Weird fermentation behavior

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Eric Lavoie

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Hi guys, I just kegged my last batch of beer (3 gallon NEIPA fermented about 3 weeks in glass carboy with Escarpment Labs Foggy London Ale yeast).

First, the fermentation did not really went as planned as I got some activity in the airlock but not a lot of foam on top of the wort. The yeast seemed to have floculated very quickly (2-3 days). It did happen to me in the past so I was not that worried. And I know the wort is not the issue because I bought a 6 gallon wort and splitted in two different carboys with different yeasts/dry hop. And the other half is fantastic.

But today, when I racked my beer from the carboy to the keg something unusual happened. I saw bubbles in my syphonning tube the whole time (even if I fill the auto-sypon cylinder with water to prevent such a thing). The bubbles were really coming from the beer itself and I had to stop filling my keg before then end as foam was coming out of it. This is the first time such a thing happens to me and this is were I started worrying a little.

Then once my keg full, I plugged my CO2 tank and put it in my fridge and decided to pour me a drink right away. To my big surprise, the beer had already foam on it and is already carbonated (not a ton and surely not enough yet, but still has some carbonation).

I'm trying to think of what could have caused that. I've been brewing since 4 years (kegging only since March though) but I'm having a tough time finding what went wrong (or at least was different than usual). It was my first time with this yeast and the package was already blown up when I received it (the seller told me it was ok to use it). I didn't do any starter, that may be some thing to do next time.

Do you guys ever had the same experience (already carbonated beer in carboy) or do you have any ideas of what could've happened?

Thank's!
 

hotbeer

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Yes, beer does carbonate itself in the fermenter and not have to be in something that holds pressure. I do frequently have the same experience.

Maybe it's more noticeable when the atmospheric pressure is falling or the temp rising. Probably it's just that you were paying more attention.

Checking what that is, this place says that beer in the FV finishes with 1.2 to 1.7 vols of CO2.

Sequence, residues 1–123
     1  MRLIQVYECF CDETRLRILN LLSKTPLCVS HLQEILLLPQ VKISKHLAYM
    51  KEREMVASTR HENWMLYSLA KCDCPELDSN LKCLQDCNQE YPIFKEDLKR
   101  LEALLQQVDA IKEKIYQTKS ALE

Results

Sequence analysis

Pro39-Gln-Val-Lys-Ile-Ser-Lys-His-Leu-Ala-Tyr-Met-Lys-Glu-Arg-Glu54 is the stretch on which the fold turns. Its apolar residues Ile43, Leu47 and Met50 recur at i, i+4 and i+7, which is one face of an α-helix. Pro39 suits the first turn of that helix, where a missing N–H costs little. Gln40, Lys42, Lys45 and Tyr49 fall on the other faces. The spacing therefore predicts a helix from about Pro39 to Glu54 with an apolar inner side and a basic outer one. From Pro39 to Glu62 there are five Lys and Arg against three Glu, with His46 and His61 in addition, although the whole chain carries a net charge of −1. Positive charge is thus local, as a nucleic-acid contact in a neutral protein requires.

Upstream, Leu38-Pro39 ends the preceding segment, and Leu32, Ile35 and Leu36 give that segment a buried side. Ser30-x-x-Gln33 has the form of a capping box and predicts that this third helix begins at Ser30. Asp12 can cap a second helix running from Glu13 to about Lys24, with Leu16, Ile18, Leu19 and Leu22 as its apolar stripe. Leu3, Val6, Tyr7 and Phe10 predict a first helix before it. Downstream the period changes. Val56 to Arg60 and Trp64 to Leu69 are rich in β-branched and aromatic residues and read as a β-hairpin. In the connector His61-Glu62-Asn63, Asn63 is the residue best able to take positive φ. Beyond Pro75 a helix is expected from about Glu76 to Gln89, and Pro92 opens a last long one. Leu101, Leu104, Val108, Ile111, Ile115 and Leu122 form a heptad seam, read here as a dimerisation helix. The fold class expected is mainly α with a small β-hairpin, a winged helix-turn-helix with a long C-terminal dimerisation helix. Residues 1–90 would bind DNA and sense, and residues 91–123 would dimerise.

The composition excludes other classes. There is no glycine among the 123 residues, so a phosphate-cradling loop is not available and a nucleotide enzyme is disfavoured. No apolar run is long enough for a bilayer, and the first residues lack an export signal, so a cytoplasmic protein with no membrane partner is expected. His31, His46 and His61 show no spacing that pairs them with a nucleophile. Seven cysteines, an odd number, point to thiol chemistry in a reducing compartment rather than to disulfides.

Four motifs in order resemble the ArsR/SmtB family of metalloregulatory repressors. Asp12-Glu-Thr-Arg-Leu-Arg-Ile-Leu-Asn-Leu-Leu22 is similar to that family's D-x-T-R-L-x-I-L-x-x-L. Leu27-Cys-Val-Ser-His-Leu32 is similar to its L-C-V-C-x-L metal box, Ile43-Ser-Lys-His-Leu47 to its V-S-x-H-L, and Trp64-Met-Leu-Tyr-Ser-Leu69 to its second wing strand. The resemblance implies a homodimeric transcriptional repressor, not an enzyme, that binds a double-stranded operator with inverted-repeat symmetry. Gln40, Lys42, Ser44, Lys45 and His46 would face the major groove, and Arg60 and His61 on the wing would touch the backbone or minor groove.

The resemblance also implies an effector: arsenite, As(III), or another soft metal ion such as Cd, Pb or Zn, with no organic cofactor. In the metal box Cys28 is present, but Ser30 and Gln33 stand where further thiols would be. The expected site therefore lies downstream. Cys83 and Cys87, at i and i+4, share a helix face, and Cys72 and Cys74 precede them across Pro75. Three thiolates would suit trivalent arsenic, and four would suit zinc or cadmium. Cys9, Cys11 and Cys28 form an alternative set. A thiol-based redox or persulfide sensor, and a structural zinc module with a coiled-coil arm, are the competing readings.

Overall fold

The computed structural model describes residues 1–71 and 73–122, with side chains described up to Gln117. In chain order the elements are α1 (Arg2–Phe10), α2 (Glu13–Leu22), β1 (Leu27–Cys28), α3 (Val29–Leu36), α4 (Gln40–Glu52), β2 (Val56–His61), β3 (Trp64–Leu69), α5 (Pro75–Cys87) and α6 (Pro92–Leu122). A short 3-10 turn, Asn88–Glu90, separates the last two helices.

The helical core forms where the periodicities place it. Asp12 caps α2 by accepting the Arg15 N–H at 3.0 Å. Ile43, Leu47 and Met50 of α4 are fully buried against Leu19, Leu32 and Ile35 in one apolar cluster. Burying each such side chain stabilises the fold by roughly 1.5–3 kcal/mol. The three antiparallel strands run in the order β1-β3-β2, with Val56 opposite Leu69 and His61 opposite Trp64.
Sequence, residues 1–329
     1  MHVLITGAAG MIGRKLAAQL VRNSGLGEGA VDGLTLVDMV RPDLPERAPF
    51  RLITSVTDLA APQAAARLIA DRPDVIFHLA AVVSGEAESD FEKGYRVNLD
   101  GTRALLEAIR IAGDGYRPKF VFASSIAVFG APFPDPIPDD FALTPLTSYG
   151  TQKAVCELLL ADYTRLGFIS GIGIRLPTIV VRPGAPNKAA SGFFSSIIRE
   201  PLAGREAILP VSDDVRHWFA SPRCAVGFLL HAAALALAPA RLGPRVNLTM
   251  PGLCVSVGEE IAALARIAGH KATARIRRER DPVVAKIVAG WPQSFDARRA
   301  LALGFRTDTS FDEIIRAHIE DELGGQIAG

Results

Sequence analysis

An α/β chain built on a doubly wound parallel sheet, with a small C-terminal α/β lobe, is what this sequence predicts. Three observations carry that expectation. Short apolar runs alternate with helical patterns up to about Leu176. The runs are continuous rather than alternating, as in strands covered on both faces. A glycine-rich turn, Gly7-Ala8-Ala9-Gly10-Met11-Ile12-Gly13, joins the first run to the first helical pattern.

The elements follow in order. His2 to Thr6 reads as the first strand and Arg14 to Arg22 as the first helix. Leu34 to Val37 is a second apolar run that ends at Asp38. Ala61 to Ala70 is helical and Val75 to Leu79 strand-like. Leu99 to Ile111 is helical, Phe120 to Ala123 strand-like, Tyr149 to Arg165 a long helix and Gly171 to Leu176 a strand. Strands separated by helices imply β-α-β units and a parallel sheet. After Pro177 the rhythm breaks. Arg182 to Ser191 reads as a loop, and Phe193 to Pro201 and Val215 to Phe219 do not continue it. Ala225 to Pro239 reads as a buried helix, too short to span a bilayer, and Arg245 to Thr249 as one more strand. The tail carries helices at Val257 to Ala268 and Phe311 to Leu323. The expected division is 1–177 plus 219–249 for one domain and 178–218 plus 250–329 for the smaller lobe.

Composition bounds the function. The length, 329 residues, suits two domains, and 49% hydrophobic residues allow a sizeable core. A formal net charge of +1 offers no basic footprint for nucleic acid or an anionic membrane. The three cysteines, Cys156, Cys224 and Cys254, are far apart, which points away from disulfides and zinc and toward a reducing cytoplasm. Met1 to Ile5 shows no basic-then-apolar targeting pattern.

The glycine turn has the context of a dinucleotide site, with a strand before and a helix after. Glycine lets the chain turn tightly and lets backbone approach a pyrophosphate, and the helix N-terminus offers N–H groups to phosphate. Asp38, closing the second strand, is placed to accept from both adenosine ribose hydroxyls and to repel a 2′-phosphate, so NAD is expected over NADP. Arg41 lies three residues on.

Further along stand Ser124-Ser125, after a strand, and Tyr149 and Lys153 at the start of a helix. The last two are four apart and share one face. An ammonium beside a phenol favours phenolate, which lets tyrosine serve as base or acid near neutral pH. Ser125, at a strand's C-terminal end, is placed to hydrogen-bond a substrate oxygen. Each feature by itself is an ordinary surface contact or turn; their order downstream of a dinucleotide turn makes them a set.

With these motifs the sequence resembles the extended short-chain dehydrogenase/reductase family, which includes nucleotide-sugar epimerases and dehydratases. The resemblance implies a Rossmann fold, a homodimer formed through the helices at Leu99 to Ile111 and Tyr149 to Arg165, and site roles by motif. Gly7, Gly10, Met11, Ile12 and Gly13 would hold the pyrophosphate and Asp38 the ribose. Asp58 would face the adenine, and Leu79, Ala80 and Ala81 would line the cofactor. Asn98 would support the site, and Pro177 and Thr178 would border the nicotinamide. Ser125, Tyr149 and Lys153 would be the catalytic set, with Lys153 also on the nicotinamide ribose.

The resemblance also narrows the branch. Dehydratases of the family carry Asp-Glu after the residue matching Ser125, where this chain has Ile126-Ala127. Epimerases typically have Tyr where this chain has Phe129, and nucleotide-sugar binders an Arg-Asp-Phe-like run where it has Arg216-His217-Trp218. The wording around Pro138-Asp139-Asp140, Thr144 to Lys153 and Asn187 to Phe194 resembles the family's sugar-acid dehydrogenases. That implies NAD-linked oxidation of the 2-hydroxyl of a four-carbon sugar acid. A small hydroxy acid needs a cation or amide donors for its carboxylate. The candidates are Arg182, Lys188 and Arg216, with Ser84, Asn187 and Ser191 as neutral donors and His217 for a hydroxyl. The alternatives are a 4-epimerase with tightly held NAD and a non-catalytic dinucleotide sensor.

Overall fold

Un-pressurized, finished beer has between 1.2 and 1.7 volumes of CO2 (left over from the fermentation process) while most beer is packaged with 2.3-2.8 volumes of CO2. However, each beer style has a traditional carbonation level - a German Weiss, for example is usually conditioned to 3.2-4.2 volumes. Some beers like stouts and English “real” ales are barely carbonated at all.
Using a carbonation chart


I just kegged my last batch of beer
This sounds a little more dire than you probably meant it. I hope you haven't kegged your last batch of beer!

Unless of course you are switching to bottles.
:bigmug:
 

Broken Crow

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That happens with my favourite ESB...always foam!
Maybe it's more noticeable when the atmospheric pressure is falling or the temp rising.
I know that in the past 18 hours the atmospheric pressure has dropped dramatically because I can barely stand straight (Permanant vertigo - pressure differential in/out dural sac) ..so I seem to be posting everywhere while I'm stuck 'sitting'
:mug:
 
OP
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E

Eric Lavoie

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Yes, beer does carbonate itself in the fermenter and not have to be in something that holds pressure. I do frequently have the same experience.

Maybe it's more noticeable when the atmospheric pressure is falling or the temp rising. Probably it's just that you were paying more attention.

Checking what that is, this place says that beer in the FV finishes with 1.2 to 1.7 vols of CO2.

Using a carbonation chart



This sounds a little more dire than you probably meant it. I hope you haven't kegged your last batch of beer!

Unless of course you are switching to bottles.
:bigmug:
You are right, I should have said: I just kegged my most recent batch of beer. I'm really not regretting switching to kegs at all! :)

Thank's for your answer!
 
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